Saturday 22 October 2016

Chlamydia cases rise by almost a third

Elaine McCahill

Published 07/08/2015 | 08:17

Chlamydia is a common sexually transmitted disease (STD) caused by a bacterium.
Chlamydia is a common sexually transmitted disease (STD) caused by a bacterium.

The number of cases of Chlamydia in the capital has increased by almost a third, according to new figures released by the Dublin Well Woman Centre.

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In their annual report for 2014, 253 positive cases of the infection were recorded - an increase of 32pc compared to figures for 2013.

This is the second highest recorded figure in the last 13 years.

The number of people presenting themselves for testing also increased by 20pc.

The highest ever level of tests occurred last year with 5,042 tests conducted across the organisation's three Dublin clinics.

Alison Begas, chief executive of the Dublin Well Woman Centre said despite increased awareness around sexual health, the number of Sexually Transmitted Infections (STIs) are increasing at an alarming rate.

"These results highlight the need to expedite publication of the National Sexual Health Strategy," she said.

"The Well Woman Centre takes a proactive approach in promoting the availability and importance of testing, however we are only one service provider, and access to standardised testing must be improved nationwide.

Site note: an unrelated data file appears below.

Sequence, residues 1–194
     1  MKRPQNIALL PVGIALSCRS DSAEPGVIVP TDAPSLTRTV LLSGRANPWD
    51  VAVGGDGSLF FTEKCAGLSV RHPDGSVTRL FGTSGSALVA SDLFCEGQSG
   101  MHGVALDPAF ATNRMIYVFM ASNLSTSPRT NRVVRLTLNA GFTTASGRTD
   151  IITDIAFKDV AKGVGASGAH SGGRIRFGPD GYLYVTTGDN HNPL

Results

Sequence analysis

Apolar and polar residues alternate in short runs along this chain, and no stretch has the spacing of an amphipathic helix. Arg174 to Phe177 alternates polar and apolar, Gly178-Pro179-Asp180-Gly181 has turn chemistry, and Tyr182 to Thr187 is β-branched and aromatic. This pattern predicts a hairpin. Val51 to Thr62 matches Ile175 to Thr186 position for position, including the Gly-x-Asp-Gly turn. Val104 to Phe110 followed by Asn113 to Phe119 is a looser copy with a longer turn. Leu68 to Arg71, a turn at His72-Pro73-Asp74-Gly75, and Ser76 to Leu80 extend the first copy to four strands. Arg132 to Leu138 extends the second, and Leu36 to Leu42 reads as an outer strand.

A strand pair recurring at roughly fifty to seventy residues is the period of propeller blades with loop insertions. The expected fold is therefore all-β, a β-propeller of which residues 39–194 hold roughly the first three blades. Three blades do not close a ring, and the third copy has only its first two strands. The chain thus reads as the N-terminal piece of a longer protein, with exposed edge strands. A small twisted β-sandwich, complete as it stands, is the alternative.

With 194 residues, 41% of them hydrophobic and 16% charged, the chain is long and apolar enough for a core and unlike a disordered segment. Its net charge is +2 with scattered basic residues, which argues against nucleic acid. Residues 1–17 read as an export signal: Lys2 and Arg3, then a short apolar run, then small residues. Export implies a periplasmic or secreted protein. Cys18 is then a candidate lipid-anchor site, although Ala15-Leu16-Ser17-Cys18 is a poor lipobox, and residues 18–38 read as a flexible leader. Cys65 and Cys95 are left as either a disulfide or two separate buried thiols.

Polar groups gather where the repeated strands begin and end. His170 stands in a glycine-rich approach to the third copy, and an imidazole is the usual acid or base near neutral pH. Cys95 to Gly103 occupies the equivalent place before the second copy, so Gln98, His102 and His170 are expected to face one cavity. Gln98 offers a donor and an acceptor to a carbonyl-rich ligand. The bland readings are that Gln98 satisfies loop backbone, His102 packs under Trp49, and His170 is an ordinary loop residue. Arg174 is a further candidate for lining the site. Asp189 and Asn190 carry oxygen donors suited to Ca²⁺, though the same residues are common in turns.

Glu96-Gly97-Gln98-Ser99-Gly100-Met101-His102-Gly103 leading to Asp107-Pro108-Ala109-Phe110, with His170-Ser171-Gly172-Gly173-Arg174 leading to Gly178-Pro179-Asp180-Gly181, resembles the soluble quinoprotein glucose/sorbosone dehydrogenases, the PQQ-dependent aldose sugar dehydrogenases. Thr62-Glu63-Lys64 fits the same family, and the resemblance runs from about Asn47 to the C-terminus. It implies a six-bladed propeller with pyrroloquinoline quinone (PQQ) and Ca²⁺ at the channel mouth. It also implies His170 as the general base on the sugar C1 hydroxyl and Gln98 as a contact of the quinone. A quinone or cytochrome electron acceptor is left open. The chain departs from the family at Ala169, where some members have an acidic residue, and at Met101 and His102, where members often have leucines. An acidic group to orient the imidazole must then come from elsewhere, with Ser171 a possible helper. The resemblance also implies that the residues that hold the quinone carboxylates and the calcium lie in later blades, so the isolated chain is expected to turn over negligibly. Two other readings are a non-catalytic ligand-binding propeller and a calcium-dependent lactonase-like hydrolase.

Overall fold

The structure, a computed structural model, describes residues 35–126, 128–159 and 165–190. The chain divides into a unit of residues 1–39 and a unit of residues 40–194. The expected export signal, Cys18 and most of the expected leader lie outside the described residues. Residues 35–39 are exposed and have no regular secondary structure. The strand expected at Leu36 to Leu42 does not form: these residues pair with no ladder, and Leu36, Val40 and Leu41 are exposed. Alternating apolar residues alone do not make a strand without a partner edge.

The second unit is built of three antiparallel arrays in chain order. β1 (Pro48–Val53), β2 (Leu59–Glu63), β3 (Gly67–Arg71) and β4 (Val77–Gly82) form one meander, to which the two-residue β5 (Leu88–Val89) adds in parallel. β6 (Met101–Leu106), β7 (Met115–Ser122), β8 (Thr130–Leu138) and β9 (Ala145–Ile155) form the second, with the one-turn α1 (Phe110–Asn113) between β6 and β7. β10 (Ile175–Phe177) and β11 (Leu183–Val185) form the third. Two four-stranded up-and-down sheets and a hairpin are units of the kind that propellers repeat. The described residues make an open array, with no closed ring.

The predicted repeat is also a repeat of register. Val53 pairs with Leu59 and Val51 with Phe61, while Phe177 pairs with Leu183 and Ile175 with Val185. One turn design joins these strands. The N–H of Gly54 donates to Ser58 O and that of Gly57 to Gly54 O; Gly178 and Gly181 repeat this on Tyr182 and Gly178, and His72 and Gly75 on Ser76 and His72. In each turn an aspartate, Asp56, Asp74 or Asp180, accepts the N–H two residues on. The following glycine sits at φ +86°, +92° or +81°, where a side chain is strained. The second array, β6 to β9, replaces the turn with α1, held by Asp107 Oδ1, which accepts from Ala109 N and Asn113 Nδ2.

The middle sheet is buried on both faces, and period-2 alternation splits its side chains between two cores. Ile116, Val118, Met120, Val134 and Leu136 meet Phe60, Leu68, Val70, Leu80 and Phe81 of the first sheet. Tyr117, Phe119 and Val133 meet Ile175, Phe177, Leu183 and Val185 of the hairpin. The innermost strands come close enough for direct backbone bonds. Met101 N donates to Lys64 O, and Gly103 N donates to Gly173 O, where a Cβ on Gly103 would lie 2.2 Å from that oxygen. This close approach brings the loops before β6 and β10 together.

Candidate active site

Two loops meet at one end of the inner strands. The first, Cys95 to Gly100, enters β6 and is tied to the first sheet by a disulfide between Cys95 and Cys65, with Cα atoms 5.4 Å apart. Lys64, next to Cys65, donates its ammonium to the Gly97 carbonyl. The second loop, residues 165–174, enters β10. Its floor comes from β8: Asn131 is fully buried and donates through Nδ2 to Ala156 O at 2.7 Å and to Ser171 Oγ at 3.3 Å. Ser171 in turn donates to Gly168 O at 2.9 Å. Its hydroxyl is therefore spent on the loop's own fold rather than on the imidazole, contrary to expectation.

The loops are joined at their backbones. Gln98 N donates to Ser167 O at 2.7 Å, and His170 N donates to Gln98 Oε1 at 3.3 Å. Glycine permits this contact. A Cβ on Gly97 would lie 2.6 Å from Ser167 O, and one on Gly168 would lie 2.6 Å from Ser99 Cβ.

"These diseases are becoming more prevalent, and we need action from the HSE now," she added.

The report also shows an increase in the number of women choosing long-acting reversible contraception (LARCs).

For the first time, more than 1,000 women had LARCs fitted with a total of 1,117 women choosing this form of contraception.

A worrying trend in the report was the decline in women attending their free cervical screening tests.

Just 7,198 were tested last year, down from a high of almost 10,000 tests in 2009.

However, the greatest fall in numbers for smear tests is in the 25-29 age group, which may be linked to emigration.


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